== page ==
A plaintiff who is represented by counsel does not need to appear in court for a Trial Setting Conference. Only the lawyer representing the plaintiff needs to appear in court. There is no basis to dismiss the court for a plaintiff's failure to appear at case management conferences or trial setting conferences.
Frank W. Chen has been licensed to practice law in California since 1988. The information presented here is general in nature and is not intended, nor should be construed, as legal advice for a particular case. This Avvo.com posting does not create any attorney-client relationship with the author. For specific advice about your particular situation, please consult with your own attorney.
A trial setting conference is usually attended by counsel without the party, although there is nothing preventing a party from attending. The trial itself is usually attended by both the attorney and the party, but there is no requirement that the party attend. As a practical matter, parties usually attend portions of the trial and in most instances will take the stand to testify at some pint.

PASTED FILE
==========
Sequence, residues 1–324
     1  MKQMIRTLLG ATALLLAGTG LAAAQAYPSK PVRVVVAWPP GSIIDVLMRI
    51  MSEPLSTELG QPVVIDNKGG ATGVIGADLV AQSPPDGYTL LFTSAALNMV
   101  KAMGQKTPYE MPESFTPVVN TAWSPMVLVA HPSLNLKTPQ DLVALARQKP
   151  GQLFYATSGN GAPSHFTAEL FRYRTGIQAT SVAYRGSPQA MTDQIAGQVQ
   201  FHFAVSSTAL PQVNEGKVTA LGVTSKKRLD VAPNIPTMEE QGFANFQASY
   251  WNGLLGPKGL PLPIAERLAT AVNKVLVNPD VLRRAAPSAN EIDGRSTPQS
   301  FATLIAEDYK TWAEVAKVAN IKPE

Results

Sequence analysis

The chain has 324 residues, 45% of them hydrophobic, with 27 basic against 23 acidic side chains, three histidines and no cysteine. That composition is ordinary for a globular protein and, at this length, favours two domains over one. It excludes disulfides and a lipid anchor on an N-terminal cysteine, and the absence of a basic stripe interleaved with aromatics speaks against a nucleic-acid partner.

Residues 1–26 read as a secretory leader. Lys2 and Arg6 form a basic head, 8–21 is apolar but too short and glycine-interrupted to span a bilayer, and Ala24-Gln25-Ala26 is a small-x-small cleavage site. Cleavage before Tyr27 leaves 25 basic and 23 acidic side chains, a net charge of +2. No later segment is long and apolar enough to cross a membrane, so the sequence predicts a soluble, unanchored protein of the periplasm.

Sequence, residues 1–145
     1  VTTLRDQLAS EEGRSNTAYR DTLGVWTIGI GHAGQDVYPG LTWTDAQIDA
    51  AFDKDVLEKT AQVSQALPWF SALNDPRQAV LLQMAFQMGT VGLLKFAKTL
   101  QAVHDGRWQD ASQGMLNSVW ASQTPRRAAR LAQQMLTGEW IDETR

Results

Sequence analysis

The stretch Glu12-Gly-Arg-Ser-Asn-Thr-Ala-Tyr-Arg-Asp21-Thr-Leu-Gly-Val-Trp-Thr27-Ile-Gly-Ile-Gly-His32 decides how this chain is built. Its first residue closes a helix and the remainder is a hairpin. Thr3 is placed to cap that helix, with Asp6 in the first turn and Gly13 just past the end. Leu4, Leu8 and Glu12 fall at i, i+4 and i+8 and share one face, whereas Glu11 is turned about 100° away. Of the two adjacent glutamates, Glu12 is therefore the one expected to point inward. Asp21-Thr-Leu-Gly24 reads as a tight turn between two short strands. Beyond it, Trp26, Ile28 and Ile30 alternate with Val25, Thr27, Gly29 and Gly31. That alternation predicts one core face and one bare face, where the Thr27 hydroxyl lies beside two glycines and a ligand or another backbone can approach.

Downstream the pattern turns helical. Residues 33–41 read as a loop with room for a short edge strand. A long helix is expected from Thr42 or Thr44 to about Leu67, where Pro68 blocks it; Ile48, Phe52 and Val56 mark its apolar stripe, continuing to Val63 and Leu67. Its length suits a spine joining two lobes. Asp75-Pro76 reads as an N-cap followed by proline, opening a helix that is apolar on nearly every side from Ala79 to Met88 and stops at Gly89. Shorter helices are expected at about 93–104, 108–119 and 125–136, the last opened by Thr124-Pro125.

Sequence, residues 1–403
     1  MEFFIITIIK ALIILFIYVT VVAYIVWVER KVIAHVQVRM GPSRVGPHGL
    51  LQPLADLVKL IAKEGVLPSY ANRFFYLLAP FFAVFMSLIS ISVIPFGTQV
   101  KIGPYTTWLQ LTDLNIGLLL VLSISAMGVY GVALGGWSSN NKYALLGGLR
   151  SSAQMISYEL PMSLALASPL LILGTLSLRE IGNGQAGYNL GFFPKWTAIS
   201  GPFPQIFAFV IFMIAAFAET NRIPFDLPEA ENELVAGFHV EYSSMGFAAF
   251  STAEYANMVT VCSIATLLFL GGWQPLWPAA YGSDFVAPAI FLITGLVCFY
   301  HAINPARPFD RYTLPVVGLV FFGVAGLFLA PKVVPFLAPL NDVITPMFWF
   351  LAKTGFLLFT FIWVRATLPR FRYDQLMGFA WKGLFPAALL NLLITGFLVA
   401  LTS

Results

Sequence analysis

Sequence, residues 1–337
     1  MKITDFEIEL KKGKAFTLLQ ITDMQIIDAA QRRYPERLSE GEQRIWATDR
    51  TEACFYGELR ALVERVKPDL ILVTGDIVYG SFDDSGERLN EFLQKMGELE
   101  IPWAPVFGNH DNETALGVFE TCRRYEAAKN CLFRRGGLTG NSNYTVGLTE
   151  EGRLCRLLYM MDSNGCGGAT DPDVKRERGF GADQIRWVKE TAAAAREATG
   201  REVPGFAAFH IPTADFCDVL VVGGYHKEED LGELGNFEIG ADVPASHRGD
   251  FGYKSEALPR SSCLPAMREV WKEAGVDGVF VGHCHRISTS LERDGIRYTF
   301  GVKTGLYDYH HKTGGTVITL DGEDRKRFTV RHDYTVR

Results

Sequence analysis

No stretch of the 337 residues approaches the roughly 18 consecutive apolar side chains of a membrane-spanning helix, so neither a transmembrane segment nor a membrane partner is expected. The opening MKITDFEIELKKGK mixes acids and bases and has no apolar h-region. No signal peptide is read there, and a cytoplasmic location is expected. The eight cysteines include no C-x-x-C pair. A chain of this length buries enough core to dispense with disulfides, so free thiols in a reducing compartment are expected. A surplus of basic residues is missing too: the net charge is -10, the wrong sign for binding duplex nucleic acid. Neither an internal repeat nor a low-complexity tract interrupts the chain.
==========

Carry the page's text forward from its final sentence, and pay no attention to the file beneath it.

This response is for information purpose only and does not constitute a legal advice. This response does not create an attorney-client relationship.
An attorney can appear at virtually any court conference, particularly one focusing on procedural issues, without the client, unless the court specifically directed the parties themselves to be present for some reason. However, at the trial itself, the plaintiff is the only one who can testify in his/her own behalf - the attorney can't do that for the client.